OK—so will I owe Michael Jackson a million dollars if I use the Beatles’ “Revolution” in my Nike sweatshop documentary? Is it possible to find a composer without having the soundtrack sound like the mixer on an electronic keyboard? “Music for Film and Television” explains all, exploring the history of film music and composers, how a score is created, how composers and directors interact, budgeting, recording, dubbing, copyrights, you name it. At NYU‘s School of Continuing and Professional Studies (998-7080; Feb 4-May 6. ($685.) —Ariston Anderson

• • • finance

The New School‘s “Introduction to Business Management” (www. is a skill-building course for people whose job responsibilities or career interests require knowledge of basic management principles. The 12-session class studies concepts of business organization, communication, decision making, planning, motivating, controlling, group dynamics, leadership, and change. Examples of common day-to-day management and supervisory problems provide realistic case studies. ($410.)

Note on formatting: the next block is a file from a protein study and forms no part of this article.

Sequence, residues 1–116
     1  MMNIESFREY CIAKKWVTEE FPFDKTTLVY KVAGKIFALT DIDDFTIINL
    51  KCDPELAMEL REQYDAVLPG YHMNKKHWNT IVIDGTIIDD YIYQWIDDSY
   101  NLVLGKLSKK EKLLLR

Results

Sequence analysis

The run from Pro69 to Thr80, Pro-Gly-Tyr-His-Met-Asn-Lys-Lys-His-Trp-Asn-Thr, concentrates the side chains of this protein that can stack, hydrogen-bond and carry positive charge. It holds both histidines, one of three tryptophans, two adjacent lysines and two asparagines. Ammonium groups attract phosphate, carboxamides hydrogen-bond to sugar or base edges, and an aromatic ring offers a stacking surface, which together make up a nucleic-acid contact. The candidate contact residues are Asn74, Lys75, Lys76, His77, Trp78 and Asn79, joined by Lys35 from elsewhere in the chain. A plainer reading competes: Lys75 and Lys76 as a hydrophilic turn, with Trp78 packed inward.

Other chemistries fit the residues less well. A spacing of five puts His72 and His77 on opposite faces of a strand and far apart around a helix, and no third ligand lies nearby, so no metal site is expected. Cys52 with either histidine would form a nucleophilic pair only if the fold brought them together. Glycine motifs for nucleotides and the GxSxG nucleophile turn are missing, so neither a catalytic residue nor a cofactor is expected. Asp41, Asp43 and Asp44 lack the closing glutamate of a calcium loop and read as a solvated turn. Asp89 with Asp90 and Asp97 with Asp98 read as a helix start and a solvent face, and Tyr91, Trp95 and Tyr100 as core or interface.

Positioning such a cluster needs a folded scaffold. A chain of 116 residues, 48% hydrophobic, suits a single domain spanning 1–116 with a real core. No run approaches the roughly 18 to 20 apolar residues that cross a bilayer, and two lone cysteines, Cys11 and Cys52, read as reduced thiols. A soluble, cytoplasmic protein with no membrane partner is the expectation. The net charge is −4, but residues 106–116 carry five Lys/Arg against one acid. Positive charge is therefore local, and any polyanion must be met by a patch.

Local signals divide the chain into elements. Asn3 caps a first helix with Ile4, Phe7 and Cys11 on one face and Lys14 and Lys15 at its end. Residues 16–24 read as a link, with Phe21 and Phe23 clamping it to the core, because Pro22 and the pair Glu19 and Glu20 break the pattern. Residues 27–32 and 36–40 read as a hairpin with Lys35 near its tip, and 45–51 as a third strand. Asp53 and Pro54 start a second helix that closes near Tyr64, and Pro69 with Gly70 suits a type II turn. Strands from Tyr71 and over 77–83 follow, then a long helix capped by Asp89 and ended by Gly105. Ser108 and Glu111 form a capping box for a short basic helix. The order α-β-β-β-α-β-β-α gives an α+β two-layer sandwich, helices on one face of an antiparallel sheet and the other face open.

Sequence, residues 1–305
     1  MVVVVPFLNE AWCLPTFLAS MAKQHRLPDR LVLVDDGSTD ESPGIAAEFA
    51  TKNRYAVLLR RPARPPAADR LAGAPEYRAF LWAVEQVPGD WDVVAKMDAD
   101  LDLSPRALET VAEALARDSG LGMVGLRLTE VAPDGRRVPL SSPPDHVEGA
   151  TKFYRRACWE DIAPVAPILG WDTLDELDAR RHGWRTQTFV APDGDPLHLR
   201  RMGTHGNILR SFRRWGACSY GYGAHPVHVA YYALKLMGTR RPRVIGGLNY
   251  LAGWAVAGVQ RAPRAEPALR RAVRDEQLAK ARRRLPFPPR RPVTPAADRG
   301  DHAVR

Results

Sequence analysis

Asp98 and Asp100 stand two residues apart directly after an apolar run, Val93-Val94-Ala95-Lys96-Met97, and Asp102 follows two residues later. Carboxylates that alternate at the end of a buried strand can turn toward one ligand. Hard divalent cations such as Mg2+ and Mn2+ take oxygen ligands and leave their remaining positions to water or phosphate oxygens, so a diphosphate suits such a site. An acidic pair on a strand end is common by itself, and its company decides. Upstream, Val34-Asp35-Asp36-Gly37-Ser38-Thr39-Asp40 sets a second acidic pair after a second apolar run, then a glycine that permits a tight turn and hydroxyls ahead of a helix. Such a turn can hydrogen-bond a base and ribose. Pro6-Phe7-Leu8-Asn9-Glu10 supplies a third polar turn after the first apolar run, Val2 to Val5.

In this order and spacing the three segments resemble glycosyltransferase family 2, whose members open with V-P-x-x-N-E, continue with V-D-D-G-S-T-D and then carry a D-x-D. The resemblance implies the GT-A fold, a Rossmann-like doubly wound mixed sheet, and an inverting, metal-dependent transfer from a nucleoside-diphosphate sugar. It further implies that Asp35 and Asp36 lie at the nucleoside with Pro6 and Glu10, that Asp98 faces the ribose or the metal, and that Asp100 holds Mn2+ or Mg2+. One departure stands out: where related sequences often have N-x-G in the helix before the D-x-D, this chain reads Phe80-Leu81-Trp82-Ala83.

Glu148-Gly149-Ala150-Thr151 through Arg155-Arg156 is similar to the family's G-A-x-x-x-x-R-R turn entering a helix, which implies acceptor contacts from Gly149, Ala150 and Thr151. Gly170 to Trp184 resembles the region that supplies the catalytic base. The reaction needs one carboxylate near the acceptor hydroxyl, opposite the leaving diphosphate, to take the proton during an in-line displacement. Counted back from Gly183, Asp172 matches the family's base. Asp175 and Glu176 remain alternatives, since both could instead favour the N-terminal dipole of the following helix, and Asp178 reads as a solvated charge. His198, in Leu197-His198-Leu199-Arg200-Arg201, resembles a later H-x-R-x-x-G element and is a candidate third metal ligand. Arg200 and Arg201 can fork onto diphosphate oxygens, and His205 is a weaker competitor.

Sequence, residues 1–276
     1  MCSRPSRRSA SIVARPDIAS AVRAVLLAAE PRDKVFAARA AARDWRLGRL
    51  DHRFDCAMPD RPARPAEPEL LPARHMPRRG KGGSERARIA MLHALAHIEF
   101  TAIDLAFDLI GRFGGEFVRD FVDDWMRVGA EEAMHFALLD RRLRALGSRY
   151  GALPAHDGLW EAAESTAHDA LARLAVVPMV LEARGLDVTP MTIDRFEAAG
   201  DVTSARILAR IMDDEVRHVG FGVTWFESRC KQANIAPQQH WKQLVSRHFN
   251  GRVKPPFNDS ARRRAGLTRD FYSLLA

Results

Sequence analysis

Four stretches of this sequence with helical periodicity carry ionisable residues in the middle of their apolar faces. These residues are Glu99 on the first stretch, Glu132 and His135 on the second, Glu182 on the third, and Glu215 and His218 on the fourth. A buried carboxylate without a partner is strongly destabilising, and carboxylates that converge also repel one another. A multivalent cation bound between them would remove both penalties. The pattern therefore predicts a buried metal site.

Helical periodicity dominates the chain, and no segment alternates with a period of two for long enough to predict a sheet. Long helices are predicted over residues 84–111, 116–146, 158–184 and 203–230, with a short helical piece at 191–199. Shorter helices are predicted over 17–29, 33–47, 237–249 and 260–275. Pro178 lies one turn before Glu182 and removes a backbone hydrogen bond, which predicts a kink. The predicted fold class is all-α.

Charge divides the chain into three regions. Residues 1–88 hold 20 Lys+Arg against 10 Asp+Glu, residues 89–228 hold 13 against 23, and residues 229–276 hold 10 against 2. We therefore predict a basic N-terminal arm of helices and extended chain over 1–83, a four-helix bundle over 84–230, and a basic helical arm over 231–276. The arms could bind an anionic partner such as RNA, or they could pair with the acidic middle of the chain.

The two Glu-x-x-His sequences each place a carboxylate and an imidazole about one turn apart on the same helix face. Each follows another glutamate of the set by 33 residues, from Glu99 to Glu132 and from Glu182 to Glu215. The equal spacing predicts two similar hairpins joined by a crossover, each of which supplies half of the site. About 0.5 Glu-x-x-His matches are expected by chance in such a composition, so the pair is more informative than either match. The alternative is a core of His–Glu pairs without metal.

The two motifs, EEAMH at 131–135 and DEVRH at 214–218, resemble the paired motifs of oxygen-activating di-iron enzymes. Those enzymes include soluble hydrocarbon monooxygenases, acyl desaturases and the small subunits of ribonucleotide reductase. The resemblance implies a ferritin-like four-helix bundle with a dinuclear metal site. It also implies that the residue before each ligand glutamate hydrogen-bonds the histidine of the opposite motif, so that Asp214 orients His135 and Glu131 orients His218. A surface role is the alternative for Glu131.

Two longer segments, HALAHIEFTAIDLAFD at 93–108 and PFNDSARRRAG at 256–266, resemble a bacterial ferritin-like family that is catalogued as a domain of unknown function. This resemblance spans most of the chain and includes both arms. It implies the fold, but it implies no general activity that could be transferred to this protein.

Whether you’re building a career in a brick-and-mortar environment or a virtual one, the Internet is guaranteed to be a big part of your marketing, selling, sourcing, communicating, and image-building efforts. The Fashion Institute of Technology‘s “eLaw: Business, the Internet, and the Law” (217-7250) will provide you with the legal information you need to set up online, understand the contractual relationships involved in electronic commerce, and avoid legal pitfalls. ($225.) —Ioana Veleanu

• • • international study

The majority of consumers from Cuba to France will not accept genetically modified foods. World-Wide Opportunities on Organic Farms ( allows you to travel virtually anywhere to learn firsthand the art of organic growing. In exchange for your volunteer services you’ll get room and board on the farm. So get out of the city—and pick up that plow.

The Center for Study Abroad ( offers affordable adult programs. For $1395 you can study at Vietnam National University in Ho Chi Minh City. Over seven weeks this spring you’ll study in Vietnam’s “rice basket,” as well as take a trip north to Hanoi.

SUNY ( suny/) boasts nearly 300 overseas programs. Go Moroccan at Al Akhawayan University in Ifrane with an eight-week intensive Arabic language and culture program. Weekend excursions will take you to Fez, Casablanca, Marrakech, and Rabat. Or how about Maori studies at the University of Bergen in New Zealand? Go on, take your studies to the North Island. —Ariston Anderson

• • • language

Cervantes’s most famous adventurer reads all the wrong books and winds up mistaking windmills for monsters. The Cervantes Institute (661-6011;, on the other hand, prepares students to use their Spanish out in the world without sounding like fools. Classes are supplemented by lectures on Spanish culture and films.